The great American author J. D. Salinger once wrote, “It’s funny. All you have to do is say something nobody understands and they’ll do practically anything you want them to.” And it seems that — when it comes to Scrum Masters — there’s a lot of confusion about what it is that they actually do. But they seem to be doing it.
Some might see the Scrum Master as a project manager without a Gantt chart, a foreman barking out orders and making sure everyone is on task. Others might see them as a kind of agile police officer, there to enforce the rules and keep everyone in line. But the truth is, neither of these descriptions is particularly accurate.
So, what exactly is a Scrum Master?
The True Role of a Scrum Master
As always, the best place to look for an answer is the Scrum Guide, which states that the Scrum Master is accountable for establishing the Scrum framework within the team. In essence, their role is to help the Product Owner and Developers on the team understand Scrum theory and put it into practice.
Think of the Scrum Master as a teacher, coach, and facilitator all rolled into one. They’re there to help the team learn agile ways of working and best practices, to ensure that the team’s goals are clear and well-defined, and to make sure that the team’s backlog is well-groomed and that the members themselves remain focused on creating value.
But the Scrum Master isn’t your typical bossypants manager. They’re a servant-leader. The Scrum Master serves the Development Team in several ways, namely:
- Coaching the members of Scrum Team in self-organization and cross-functionality.
- Removing obstacles that interfere with the Scrum Team progress.
- Facilitating Scrum events as requested or needed.
- Providing support to the Product Owner, particularly with respect to grooming and maintaining the product backlog.
- Providing support to the Developers, especially when it comes to agile best practices for incremental and iterative product development.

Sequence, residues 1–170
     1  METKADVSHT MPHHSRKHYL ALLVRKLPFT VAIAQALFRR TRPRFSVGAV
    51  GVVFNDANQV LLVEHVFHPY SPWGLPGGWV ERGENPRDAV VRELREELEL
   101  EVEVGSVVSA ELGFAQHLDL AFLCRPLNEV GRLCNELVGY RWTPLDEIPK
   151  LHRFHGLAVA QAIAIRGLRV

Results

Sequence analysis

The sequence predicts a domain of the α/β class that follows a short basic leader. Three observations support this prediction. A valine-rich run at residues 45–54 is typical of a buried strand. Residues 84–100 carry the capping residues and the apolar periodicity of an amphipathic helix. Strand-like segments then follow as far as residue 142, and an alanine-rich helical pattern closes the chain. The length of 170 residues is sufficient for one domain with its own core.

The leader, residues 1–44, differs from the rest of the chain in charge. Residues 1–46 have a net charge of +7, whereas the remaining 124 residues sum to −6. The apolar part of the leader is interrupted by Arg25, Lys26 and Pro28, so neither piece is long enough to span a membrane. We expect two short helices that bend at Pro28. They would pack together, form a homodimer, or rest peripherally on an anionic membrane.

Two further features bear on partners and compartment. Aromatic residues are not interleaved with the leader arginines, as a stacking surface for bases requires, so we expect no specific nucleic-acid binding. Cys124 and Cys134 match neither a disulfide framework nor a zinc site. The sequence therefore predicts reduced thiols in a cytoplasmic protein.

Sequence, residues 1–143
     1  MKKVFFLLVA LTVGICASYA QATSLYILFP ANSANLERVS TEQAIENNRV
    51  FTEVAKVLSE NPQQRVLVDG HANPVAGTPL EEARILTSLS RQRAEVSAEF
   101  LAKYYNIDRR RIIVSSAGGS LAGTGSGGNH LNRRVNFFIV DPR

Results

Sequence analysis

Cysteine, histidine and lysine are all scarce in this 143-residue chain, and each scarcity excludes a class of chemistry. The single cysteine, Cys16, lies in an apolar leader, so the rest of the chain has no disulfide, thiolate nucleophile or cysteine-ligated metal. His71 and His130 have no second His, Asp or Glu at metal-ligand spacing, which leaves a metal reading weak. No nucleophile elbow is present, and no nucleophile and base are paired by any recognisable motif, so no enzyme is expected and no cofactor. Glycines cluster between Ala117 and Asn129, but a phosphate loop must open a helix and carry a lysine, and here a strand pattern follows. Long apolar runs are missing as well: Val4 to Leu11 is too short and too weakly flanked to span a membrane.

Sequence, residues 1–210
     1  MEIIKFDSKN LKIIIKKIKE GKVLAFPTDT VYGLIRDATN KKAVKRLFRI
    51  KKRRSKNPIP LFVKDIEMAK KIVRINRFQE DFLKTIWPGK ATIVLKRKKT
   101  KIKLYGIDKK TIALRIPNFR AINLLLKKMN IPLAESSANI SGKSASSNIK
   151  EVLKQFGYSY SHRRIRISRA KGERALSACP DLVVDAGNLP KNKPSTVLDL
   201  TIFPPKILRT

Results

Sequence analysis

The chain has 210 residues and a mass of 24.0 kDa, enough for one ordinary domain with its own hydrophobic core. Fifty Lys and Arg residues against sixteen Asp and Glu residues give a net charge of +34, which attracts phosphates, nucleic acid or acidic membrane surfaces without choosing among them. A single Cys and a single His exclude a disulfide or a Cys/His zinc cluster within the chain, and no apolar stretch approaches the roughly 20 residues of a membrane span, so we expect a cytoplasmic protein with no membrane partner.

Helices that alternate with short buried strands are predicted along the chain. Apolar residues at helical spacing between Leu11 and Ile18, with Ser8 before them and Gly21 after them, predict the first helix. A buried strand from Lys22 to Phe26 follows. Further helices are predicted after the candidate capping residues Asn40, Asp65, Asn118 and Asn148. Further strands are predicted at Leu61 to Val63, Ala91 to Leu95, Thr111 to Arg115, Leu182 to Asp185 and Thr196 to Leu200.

In other words, a Scrum Master’s job is to make sure that the team is working efficiently and effectively, and help them stay focused on what’s important. They’re not there to tell people what to do, but rather to help them figure out what they need to do and how to do it.
Of course, the Scrum Master can’t do it all on their own. They rely on the team members to take ownership of the process and to drive the work forward. They are a coach, there to guide the team and keep them on track, but not to play the game for them.
A Few Real-World Examples
The Scrum Team struggling to finish a sprint on time. The Scrum Master works with the team to identify the obstacles that are causing delays and helps them find ways to overcome them. They might facilitate the retrospective in a way that helps the team identify problems and create a plan to address them, or they might coach the team on how to break down large user stories into smaller, manageable tasks.
The Product Owner is having trouble keeping the product backlog well-groomed and prioritized. The Scrum Master helps them understand the importance of doing so, and works with them to create clear, actionable user stories. They might also help the Product Owner understand how to prioritize the backlog based on the needs of the business and the product’s goals.
A Developer on the team is feeling down. In turn, they are coming across as disengaged and unmotivated to the rest of the team’s Developers. The Scrum Master coaches the Developer in question on how to stay engaged and motivated by aligning their individual goals with the team’s goals and by helping them to understand how their work contributes to the overall success of the product.
The team is not adhering to the Agile principles, so the Scrum Master serves as a reminder of the Agile manifesto and the 12 principles behind it. They also provide contextual, down-to-earth guidance on how to implement the Agile practices in their work.
The key takeaway?
The role of a Scrum Master can be summarized as one of a coach, teacher and facilitator who serve the team and help them become more efficient and effective in agile ways using the Scrum framework. It’s a challenging role, but a rewarding one as well, as they see the team grow and deliver valuable products. It’s not a command and control role, no no no, but one of servant-leadership.
So next time you hear somebody describe a Scrum Master as a good old project manager or an agile cop, just smile, nod, and remember: the Scrum Master is the servant leader. The one who knows that when it comes to Scrum, less is more, and that a little bit of ambiguity and confusion can be a good thing, especially when it leads to learning and growth.